Back Into the Wasteland, Again

The Hollow Men 5

Yesterday was about as depressing as a post consisting of videos could possibly be. Sometimes to me, and to Britons who remember a Britain that was much better, as many of us do with America, it is heartbreaking. But as we all know, facts don’t care about our feelings. We must carry on, and do the right things in the right way. This article of Jess’ touches on the theme.

If you found yesterday’s videos as bad as I did, chronicling the decline of the civilization that built the modern world, well, it speaks to that. Here’s Jessica –


 

Into the Wasteland

We are the hollow men
We are the stuffed men
Leaning together
Headpiece filled with straw. Alas!
Our dried voices, when
We whisper together
Are quiet and meaningless
As wind in dry grass
Or rats’ feet over broken glass
In our dry cellar

The opening lines of T.S. Eliot’s 1925 poem speak with eloquence to any age and people who feel disconnected from what they feel is a calamitous and collapsing socio-political world.

Eliot was writing in the aftermath of the most catastrophic war in the history of the Western world. It was the war when hope died. How could one believe in progress after the Somme and the horrors of the Western Front? And what had all of that slaughter been for? A settlement at Versailles which few believed would really bring peace to the world.  Men like Wilson and Hoover, or MacDonald and Baldwin, seemed small men facing giant problems, and sure enough, within fifteen years the world had once more descended into the abyss.

Does the fault lie in our leaders? They do, indeed, seem to be hollow men, with heads stuffed with straw. The words of Yeats’ Second Coming seem apposite to our times:

Things fall apart; the centre cannot hold;
    Mere anarchy is loosed upon the world,
    The blood-dimmed tide is loosed, and everywhere
    The ceremony of innocence is drowned;
    The best lack all conviction, while the worst
    Are full of passionate intensity.

Writing in 1919, Yeats wondered:   

Surely some revelation is at hand;
Surely the Second Coming is at hand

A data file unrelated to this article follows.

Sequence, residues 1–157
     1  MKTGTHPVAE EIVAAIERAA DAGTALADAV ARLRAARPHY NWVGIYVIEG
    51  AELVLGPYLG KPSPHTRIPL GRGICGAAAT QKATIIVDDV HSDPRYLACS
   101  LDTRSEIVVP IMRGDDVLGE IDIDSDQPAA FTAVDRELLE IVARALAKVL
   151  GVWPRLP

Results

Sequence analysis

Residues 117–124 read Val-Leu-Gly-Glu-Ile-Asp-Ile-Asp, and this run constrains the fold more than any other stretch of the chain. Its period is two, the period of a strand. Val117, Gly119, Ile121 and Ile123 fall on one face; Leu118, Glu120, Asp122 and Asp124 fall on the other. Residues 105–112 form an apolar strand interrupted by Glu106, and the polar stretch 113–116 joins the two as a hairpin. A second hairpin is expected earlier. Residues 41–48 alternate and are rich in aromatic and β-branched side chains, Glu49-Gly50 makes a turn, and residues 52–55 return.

But it was not so. In Lord of the Rings, Frodo tells Gandalf that he wishes he did not live in the time he did, when such dreadful things were happening. Gandalf’s reply is for all of us:
‘So do I,  said Gandalf, and so do all who live to see such times. But that is not for them to decide. All we have to decide is what to do with the time that is given us.’

It is not for us to decide such things. All each of us can do in the end is to decide how we live our lives and by what star we steer. Those of us with a Christian faith, like Tolkien himself, know we are strangers in this world, and we know by whose star we steer. We can rage all we like against the way the world seems to be going, so did our forefathers, and so will our descendants. Eliot ends with a dying fall:

This is the way the world ends

This is the way the world ends

This is the way the world ends

Not with a bang but a whimper.

But Yeats, in best prophetic mode wondered:

And what rough beast, its hour come round at last,
    Slouches towards Bethlehem to be born?

For me, Eliot’s words in Ash Wednesday ring truest:

Because I cannot hope to turn again
Consequently, I rejoice, having to construct something
Upon which to rejoice

And pray to God to have mercy upon us
And pray that I may forget
These matters that with myself I too much discuss
Too much explain
Because I do not hope to turn again
Let these words answer
For what is done, not to be done again
May the judgement not be too heavy upon us


That’s pretty much what the world feels like, increasingly to me, at least, it seems that we may have to simply burn it down and try to rebuild in the ruins. But I continue to hope not, so we will see. And there is hope.

In the United States for all the cacophony from the left and the media (yes, I repeat myself) we seem to have at least arrested the regression and in some ways are returning to our self-imposed mission to keep the torch of liberty lighted. Where we lead, others may well follow. If you remember, when Cassandra opened her box of troubles, the one thing left in that accurséd box was hope.

In many ways, Kipling in ‘A Dead Statesman’, written around the end of World War I, asked the question I think our political leadership should have to answer

I could not dig; I dared not rob:
Therefore I lied to please the mob.
Now all my lies are proved untrue
And I must face the men I slew.
What tale shall serve me here among
Mine angry and defrauded young?

But he also wrote the inscription for the war dead of Sault St. Marie, Ontario, Canada, which ends:

From little towns in a far land, we came
To save our honour, and a world aflame;
By little towns in a far land, we sleep
And trust those things we won, to you to keep.

Dare we break that trust? If we, the Anglo-Saxons, don’t do it, it will not be done.

As Jess said above, we don’t get to pick the era in which we live, we are simply called to do the best we can. And so we shall, God willing.  Neo

 

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About NEO
Lineman, Electrician, Industrial Control technician, Staking Engineer, Inspector, Quality Assurance Manager, Chief Operations Officer

One Response to Back Into the Wasteland, Again

  1. Reblogged this on Boudica2015.

    Like

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